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  #11  
Old 11-18-2020, 03:42 PM
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WaterWitchin WaterWitchin is offline
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Oooooo!!! I really like the installers of spy cameras idea!! And much more exciting than algae enthusiasts!
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  #12  
Old 11-19-2020, 12:14 AM
Orchidtinkerer Orchidtinkerer is offline
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Seems fairly straightforward to me. The dial to the left will always display the true footcandle measurement (x1 or 100%)
the next dial will display the footcandle value divided by 10 (or 10%)
the next dial will display the footcandle value divided by 100 (or 1%)
The reason you have dial 2 and 3 is I presume that the display cannot show more than 1000 footcandles so you need to flip the switch to the second or third position for high values like 1000-5000 so it can show 100-500 or 10-50 which is 10% or 1% respectively, otherwise you could just leave it on position 1 all the time. It is only a matter of the display not having enugh numbers so once you understand all the dial does is drop a 0 at the end then you have it figured out.

edit: in your second example the footcandle you were reading was 1063. On the first dial it could not display this so it shows 1. I can see where that would become a bit confusing. I suppose the safest is to leave it on dial 3 and always multiply the displayed value by 100.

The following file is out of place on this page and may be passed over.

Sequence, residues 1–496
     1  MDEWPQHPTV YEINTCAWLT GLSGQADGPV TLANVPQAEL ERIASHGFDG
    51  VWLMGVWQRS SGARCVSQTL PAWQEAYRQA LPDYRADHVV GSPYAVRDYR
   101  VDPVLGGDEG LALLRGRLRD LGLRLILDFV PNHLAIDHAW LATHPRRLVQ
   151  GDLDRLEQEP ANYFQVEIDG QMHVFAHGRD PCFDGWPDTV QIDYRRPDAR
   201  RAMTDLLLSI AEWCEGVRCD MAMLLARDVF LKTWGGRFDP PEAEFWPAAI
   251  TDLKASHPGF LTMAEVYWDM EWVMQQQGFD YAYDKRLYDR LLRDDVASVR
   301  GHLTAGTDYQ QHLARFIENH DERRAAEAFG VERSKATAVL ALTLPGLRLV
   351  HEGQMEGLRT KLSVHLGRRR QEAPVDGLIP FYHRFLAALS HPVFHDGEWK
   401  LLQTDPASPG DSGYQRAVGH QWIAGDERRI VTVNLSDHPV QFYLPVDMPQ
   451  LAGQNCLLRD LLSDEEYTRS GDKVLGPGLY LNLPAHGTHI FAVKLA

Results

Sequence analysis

Last edited by Orchidtinkerer; 11-19-2020 at 12:23 AM..
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  #13  
Old 11-19-2020, 12:05 PM
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Quote:
Originally Posted by Orchidtinkerer View Post
Seems fairly straightforward to me. The dial to the left will always display the true footcandle measurement (x1 or 100%)
the next dial will display the footcandle value divided by 10 (or 10%)
the next dial will display the footcandle value divided by 100 (or 1%)
The reason you have dial 2 and 3 is I presume that the display cannot show more than 1000 footcandles so you need to flip the switch to the second or third position for high values like 1000-5000 so it can show 100-500 or 10-50 which is 10% or 1% respectively, otherwise you could just leave it on position 1 all the time. It is only a matter of the display not having enugh numbers so once you understand all the dial does is drop a 0 at the end then you have it figured out.

edit: in your second example the footcandle you were reading was 1063. On the first dial it could not display this so it shows 1. I can see where that would become a bit confusing. I suppose the safest is to leave it on dial 3 and always multiply the displayed value by 100.
Yep, that's what I decided to do. If I'm not getting at least 1000 foot candles, it's time to adjust a light or move closer to a window! A Light Meter For Dummies would be great! One button, displayed without adding or subtracting zeros. For those who just want simple.
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  #14  
Old 11-19-2020, 02:16 PM
PaphMadMan PaphMadMan is offline
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The 0-199 fc range may not be significant for orchids, but is for the limit for low light house plants. Below 100 won't really sustain much of anything, but many are fine at 200 long term. 100 fc is also significant in terms of indoor lighting for human eyes. Sight tasks like reading, playing darts or safely chopping with a sharp knife in the kitchen become more difficult below 100 fc. Laboratory benches are usually recommended to receive 100 fc or more.
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Old 11-19-2020, 02:26 PM
Clawhammer Clawhammer is offline
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I find a light meter useful in two ways

1> To gauge relative light output between two fixtures
2> To monitor degradation of the brightness of a particular fixture over time.
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